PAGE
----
Thanksgiving is nearly here, which means the busy holiday travel season between November and January is upon us.
The weeks of Thanksgiving, Christmas and New Year’s are some of the busiest travel times of the year. With many people on the road, the risk of travel-related accidents also goes up.
Whether you’re hopping on the highway to visit friends in town or driving cross-country to see family, remember to keep safety in mind for each member of your family.
1. Use car seats for babies and toddlers.
Babies under the age of 2 should use rear-facing car seats, while toddlers older than 2 can use forward-facing car seats. Using child safety seats correctly can reduce the risk of death by as much as 71 percent.
If it’s cold outside, cover babies and young children with a thick blanket to keep them warm, after they’re strapped securely into their seat. Bulky winter clothes and coats can keep a car seat harness from doing its job.
2. Use booster seats and the backseat for older kids.
Kids who have outgrown a forward-facing harness seat are not ready for a seat belt or front seat yet. They are safest in a booster seat that enables the adult seat belt to fit properly. Even when children have transitioned from booster seats, they should remain in the back seat until they reach the age of 13.
3. Take your time when traveling with kids.
When you hear the all-too-familiar howl from the back seat that means “I want food” or “change my diaper,” don’t worry about making good time. Instead, get off at the next exit and find a safe area to feed or change your child.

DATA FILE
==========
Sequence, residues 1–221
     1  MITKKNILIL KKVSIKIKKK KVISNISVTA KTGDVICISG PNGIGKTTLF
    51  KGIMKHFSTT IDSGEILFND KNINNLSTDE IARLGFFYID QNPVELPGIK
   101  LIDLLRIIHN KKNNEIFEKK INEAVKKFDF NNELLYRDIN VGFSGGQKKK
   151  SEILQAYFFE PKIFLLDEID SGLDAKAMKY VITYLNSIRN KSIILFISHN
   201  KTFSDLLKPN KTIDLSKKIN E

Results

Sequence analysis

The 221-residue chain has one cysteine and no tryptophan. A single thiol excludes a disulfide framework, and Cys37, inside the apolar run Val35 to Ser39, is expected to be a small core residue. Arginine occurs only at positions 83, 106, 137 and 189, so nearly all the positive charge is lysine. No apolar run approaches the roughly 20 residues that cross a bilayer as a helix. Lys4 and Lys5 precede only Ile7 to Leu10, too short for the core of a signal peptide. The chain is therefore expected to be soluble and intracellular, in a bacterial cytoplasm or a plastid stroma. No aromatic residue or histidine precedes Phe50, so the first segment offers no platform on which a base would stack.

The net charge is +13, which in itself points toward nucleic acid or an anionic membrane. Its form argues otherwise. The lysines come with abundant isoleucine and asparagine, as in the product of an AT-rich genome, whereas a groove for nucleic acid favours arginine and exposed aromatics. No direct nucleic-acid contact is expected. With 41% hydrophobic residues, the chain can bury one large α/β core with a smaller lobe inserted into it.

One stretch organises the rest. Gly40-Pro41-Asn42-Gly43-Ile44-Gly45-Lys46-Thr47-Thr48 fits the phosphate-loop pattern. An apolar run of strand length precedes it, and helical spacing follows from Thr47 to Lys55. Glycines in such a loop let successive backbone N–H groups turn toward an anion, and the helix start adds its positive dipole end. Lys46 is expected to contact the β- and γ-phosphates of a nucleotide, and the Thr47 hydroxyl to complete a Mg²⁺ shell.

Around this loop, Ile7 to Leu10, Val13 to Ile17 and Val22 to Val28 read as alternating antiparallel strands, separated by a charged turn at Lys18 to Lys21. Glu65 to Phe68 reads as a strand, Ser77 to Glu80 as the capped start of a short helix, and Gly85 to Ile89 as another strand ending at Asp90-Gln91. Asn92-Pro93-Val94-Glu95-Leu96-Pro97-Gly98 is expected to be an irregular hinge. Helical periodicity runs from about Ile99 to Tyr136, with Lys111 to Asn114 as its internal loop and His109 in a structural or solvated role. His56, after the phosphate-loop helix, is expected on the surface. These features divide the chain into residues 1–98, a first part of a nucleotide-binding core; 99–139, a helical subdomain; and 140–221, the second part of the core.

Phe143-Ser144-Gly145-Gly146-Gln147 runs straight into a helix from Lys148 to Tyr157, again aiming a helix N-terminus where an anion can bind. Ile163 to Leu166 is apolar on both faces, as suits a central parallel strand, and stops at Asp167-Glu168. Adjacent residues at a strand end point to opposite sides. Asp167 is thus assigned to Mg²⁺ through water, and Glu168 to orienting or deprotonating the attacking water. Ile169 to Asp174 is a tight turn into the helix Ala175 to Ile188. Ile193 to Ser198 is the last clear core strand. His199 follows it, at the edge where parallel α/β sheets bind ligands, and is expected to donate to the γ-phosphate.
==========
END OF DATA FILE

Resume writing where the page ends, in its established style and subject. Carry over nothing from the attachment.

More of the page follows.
4. Share the road – and the wheel.
Map out your route before you leave, making note of any construction zones or closures that could affect your itinerary. Leave earlier or later to avoid heavy traffic, and let your friends and family know when you plan to arrive.
If you’re driving long distances, divvy up driving responsibilities between drivers in your group. If you start to feel tired, pull over and switch with another driver or stop and rest until you’re able to drive safely.
6. Be prepared for bad weather.
Inclement weather can turn even a short road trip into a white-knuckle ride. Before you leave, check the weather forecast and be aware of possible snowy or icy conditions.
Stay off the road during bad weather, if possible. If you have to drive during inclement weather or hit a hazardous stretch during your trip, remember to slow down, increase the distance between you and the car in front of you, and avoid all distractions to keep your focus on the road.
7. Keep the car stocked.
In case of a travel emergency, make sure your car is stocked with everything you’ll need. This includes a first-aid kit, flashlight, ice scraper, blankets, salt or kitty litter for tire traction, and snacks for everyone in your car.
Make sure cell phones are charged before you depart in case you need to call for help or use your phone’s GPS for directions. And always have a paper map on hand, just in case.
8. More time means less stress.
Giving yourself more than enough time to get to your destination, in case you run into traffic or bad weather. Some stress during the holidays is unavoidable, but a little planning before your trip can help keep the holidays safe and fun.
- If you’re spending time with older relatives this holiday season, it’s important to understand the signs and symptoms of dementia and other age-related diseases. Know the difference between normal forgetfulness and more serious memory loss.
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